When I reported for the first day of school at Anesaki Chu-Gakko in Ichihara-shi, it was an oppressively hot and humid Monday morning. A group of girls was standing in front of the school and they noticed me right away. As a tall Westerner, I stood out. I waved at them and waited for them to run towards me.
Instead, they ran away screaming.
I tried to imagine how I was going to do my job under these circumstances. As a JET (Japanese English Teacher), the Japanese Ministry of Education was paying me to be in the school for the year to form relationships with the kids and encourage them to use the English they were learning in the classroom.
That was going to be hard if I couldn't get the kids to stop running away from me screaming.
As a first step, I got the kids used to being in the same room with me. Of course I was there for their English lessons.
I also spent time with them outside of class. At lunchtime instead of sitting in the teacher's lounge with other teachers I sat in the classrooms with the kids. When it was time for o-soji, I cleaned the glass windows and swept the hallways, right along with the kids. (Japanese schools typically don't pay for janitors, instead the kids spend about 15 minutes each day cleaning their own space.) At some point the kids started coming to my house on weekends and they invited me to theirs.
Over time they warmed up to me and soon I found myself once again surrounded by children all the time. They asked a lot of questions about what life was like for teenagers in America. And they wanted to know what Michael Jordan and Madonna and River Phoenix were like in real life.
To be clear, I never met any of those people.
One day, a sweet quiet girl whose name I can't remember gave me a necklace. Her friend had given it to her and she gave it to me. It was a tiny coral star on a delicate gold chain. There was a school rule that students couldn't wear any kind of jewelry other than hair ties. As she gave it to me she said, "I can't wear this but you can."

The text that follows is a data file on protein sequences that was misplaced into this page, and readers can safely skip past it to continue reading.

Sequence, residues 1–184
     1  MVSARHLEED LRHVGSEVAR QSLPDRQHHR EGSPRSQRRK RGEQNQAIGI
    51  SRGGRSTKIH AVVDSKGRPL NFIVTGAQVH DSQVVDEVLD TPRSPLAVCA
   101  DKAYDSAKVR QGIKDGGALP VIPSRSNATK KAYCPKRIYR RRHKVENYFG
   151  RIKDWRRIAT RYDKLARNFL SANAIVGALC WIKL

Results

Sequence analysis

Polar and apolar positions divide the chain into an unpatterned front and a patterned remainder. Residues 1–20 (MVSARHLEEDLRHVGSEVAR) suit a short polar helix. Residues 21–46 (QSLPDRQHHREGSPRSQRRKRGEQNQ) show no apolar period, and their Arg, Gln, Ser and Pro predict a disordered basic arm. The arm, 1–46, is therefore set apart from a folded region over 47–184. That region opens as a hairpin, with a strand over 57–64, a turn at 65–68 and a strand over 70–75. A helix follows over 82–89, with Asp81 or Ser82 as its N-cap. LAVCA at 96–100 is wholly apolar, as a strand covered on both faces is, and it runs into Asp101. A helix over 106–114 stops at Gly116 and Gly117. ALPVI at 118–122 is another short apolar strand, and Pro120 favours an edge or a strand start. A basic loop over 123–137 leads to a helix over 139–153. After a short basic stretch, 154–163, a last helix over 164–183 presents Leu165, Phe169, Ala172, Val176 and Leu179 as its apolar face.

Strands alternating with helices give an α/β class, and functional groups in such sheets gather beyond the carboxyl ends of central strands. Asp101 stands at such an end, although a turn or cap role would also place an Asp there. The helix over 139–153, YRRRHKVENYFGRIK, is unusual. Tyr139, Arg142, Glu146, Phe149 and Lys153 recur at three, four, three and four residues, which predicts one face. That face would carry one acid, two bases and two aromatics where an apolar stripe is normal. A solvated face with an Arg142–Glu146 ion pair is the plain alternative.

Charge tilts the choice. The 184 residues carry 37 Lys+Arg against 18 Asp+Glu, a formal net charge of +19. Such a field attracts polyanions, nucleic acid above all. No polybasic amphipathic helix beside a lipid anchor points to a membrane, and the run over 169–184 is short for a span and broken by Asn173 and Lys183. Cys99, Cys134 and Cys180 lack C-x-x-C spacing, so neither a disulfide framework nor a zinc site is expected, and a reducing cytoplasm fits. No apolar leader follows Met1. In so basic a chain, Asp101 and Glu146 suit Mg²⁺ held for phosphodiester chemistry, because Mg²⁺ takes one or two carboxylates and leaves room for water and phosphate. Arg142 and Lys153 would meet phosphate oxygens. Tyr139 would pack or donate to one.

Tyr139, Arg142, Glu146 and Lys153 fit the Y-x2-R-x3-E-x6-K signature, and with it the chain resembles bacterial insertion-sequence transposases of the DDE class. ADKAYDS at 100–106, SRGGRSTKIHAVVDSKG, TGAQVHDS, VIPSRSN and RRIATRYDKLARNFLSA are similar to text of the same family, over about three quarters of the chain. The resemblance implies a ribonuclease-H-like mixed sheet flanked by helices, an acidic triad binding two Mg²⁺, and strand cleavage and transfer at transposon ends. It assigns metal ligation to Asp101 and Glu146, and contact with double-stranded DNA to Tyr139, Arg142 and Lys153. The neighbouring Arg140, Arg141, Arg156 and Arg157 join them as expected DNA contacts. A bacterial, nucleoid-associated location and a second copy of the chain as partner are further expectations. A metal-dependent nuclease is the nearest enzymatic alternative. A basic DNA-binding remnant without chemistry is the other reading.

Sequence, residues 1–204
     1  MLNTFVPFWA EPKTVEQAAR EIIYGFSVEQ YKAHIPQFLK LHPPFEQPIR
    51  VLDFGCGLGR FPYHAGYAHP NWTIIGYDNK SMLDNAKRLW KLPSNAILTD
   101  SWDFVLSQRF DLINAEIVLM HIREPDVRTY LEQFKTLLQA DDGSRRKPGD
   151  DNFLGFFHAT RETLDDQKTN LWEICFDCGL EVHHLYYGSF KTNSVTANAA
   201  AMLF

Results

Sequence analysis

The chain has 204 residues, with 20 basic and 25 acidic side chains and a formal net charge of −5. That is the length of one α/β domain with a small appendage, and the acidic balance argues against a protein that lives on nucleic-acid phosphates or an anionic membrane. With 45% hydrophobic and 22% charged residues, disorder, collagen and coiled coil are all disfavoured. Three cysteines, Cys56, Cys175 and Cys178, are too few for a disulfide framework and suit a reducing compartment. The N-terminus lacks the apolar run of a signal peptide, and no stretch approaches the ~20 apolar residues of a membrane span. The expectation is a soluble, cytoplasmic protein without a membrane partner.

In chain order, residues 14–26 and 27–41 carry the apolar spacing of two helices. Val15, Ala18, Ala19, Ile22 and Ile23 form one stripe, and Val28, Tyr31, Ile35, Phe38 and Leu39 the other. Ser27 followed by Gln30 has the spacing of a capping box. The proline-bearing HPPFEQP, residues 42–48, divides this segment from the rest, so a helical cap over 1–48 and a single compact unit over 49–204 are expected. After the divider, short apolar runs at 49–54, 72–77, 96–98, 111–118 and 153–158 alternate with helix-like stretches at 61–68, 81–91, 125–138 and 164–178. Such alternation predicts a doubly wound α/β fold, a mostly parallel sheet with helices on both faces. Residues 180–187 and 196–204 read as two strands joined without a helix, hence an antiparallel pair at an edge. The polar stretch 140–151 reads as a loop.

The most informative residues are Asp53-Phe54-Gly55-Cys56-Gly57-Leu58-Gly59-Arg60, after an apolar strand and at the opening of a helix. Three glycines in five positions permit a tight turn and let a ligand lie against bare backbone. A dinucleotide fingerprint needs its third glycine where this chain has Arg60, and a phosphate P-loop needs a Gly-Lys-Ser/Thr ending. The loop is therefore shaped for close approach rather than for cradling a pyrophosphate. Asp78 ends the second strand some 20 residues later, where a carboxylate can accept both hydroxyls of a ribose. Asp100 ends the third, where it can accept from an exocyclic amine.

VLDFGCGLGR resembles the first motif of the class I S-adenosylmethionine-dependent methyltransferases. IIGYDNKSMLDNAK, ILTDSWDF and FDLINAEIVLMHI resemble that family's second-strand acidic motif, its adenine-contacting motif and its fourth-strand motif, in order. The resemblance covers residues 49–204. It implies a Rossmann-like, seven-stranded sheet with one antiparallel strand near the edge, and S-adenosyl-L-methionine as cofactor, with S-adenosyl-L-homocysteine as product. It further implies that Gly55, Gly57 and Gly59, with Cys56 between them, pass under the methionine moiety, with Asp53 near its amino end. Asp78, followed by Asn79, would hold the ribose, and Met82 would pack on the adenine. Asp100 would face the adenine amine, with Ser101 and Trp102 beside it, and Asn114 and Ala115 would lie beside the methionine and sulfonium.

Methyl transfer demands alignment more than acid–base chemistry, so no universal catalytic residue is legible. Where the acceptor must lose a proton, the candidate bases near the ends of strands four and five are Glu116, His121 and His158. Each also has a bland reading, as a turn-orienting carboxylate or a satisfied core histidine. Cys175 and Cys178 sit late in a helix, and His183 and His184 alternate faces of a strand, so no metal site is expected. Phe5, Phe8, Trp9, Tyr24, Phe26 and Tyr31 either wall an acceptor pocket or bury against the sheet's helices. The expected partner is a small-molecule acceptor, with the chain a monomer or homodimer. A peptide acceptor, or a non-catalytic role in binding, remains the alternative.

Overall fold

I thought that was the sweetest sentiment in the world. I can't use this but it will make me happy to see it on you.
It felt like the purest sense of generosity. I wore that star to school a lot and it always made her happy.
Over the years I've acquired and lost a lot of jewelry. Typically I don't buy expensive things so I don't have to be upset when I lose them. But that coral star has somehow stayed with me. From Japan to the Monterey Peninsula in 1996. From Monterey to Silicon Valley in 1999. From Silicon Valley to Beijing in 2005. From Beijing to Nashville in 2011. Somehow that coral star always managed to get into my bags and relocate with me.
Coincidentally, coral has become one of my favorite colors. Or perhaps that's not a coincidence at all, maybe it's exactly what you would expect given the way the color came into my wardrobe via that first little star. The other day I wore a coral sweater to work and that little star was a perfect complement. During conference calls that day I found myself wrapping my fingers around it, the pad of each finger settling into one angle of the pentagram. I thought about that sweet little girl and her generous spirit.
I have long since lost touch with her but where ever she is I hope she's in a place where she can wear whatever jewelry she wants.
And I hope she still has that sweet sense of generosity.
And if by some chance she sees this post and wants her necklace back, nothing would make me happier than to give it to her.